First Aquarium Casualty

October 19, 2007

It appears when I initially brought home the kribs, there were 2 males instead of a male/female pair. As such, over the last week or so, the dominant male has taken over the tank, sending the lowbie male off to seclusion in the corner of the tank. I thought perhaps adding more decorations and plants to reduce direct line of sight issues would lessen the aggression, but that didn’t seem to make a difference.

After arriving home from work last night, I looked for the less dominant krib only to find him keeled over under a driftwood structure. He was no longer moving and signs of aggression were apparent due to the nipped fins. The dominant male krib had taken his first causality.

I fished him out of the net and explained to my son that sometimes when fishies fight too much, one of them dies. He was a bit sad but I told him we would find another fish this weekend. The interesting thing is the dominant krib seems to leave the Otocinclus Cat alone. He most likely does not view this guy as a threat which gives me some hope that I could potentially add some Corydora Catfish to the mix.

Later in the evening, I decided to do a 10% water change. I grabbed the nifty Python No-Spill and proceeded on my way. After hooking up the attachment to the faucet in my bathroom, I took the cleaning end of the tube and put it in the tank. I sat perplexed for a bit as normally I would have my little sister suck on the end of the tube to start the siphon (I know, I’m a nice brother.. ) but I knew there had to be a better way.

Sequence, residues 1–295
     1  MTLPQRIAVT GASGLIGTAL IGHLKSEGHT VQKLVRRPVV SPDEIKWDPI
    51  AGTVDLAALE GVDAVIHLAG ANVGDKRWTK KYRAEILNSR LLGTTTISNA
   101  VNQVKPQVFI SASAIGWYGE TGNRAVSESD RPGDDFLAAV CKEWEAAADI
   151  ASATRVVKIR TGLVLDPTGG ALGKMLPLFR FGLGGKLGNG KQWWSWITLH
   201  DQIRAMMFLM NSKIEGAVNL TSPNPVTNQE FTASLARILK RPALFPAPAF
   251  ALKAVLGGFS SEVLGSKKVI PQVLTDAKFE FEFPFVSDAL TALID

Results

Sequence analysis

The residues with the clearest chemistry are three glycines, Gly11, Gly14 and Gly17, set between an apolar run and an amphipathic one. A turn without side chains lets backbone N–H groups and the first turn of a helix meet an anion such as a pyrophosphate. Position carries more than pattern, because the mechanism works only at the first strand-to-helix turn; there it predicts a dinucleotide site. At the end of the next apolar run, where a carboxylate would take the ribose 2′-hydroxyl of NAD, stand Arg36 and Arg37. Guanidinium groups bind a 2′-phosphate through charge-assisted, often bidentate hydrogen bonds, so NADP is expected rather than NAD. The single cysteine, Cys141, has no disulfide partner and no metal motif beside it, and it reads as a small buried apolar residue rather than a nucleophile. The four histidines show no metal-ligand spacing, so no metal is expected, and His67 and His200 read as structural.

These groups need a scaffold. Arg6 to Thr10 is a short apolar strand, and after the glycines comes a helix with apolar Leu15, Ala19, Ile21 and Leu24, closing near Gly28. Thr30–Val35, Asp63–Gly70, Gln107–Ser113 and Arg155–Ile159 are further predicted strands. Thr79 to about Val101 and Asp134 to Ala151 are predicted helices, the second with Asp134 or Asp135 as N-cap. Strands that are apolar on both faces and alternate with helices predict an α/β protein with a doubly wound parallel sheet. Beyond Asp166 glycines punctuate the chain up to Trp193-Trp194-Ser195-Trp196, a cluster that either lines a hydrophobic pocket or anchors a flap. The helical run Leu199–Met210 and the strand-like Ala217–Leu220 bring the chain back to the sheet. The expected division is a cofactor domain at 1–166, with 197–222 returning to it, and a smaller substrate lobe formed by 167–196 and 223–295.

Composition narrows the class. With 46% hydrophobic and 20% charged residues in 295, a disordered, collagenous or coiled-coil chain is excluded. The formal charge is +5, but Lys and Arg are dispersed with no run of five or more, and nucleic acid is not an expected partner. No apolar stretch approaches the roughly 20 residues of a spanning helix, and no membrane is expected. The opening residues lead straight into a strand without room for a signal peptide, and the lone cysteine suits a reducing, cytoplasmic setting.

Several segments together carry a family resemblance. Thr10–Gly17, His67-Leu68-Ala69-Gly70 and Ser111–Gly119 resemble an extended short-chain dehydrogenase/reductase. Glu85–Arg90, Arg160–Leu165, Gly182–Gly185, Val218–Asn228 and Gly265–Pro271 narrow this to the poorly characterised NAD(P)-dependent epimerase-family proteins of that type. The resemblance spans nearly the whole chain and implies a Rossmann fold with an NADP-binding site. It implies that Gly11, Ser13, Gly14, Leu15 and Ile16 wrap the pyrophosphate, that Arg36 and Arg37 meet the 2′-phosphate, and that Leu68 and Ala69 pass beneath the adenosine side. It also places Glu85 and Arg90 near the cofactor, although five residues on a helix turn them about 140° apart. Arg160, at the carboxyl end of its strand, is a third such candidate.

So, I figured I would try to modify the faucet attachment to ‘drain’ and then turn on the water. To my surprise, the flow of water passing over the tube was enough pressure to create a suction and start the siphon! Water was flowing out of my tank at a steady pace. All was good. When the time was ready, I ran to the bathroom and modified the faucet attachment to the ‘fill’ position and began filling my tank. Easily and simple. The whole process including cleanup was completed in about 10 minutes! I would whole heartedly recommend the Python system to EVERYONE who has an aquarium with a tank size 20 gallons or larger!

One of the main differences between how I fill water now and back in the day is the lack of conditioning. Before, I kept a southeast Asian style tank in which the water was VERY soft with a low pH. As such, I had to condition the water quite a bit before adding it to the tank as most tap water is hard and high pH. This time with the krib setup, I’m keeping things simple by using the neutral pH (roughly 7.0 out of the tap) and only adding a pit of AquaPlus to remove some of the chlorine gas. That’s it.. nothing too fancy.

Overall, the addition of a planted aquarium has been great. My son loves watching the fishies swim around and he’s always poking at the ‘sucker fish’. I even involve him in the daily chores by letting him feed some fish pellets at dinner time. Additionally, it’s very relaxing to look and observe the happenings in the tank. It’s been so long since I had an aquarium (about 5 yrs) that I forgot how peaceful and tranquil it is. I’m glad I took my wife’s advice and just bought a fish tank to get the ball rolling.

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2 Responses to “First Aquarium Casualty”

  1. Taijiquan in Tampa Says:

    Not to be picky but causality is a logic thing, casualty is what you mean.

  2. wujimon Says:

    Hey TJQ@Tampa! Great catch on the wording, I will definitely fix it.. excuse my brainfart 🙂


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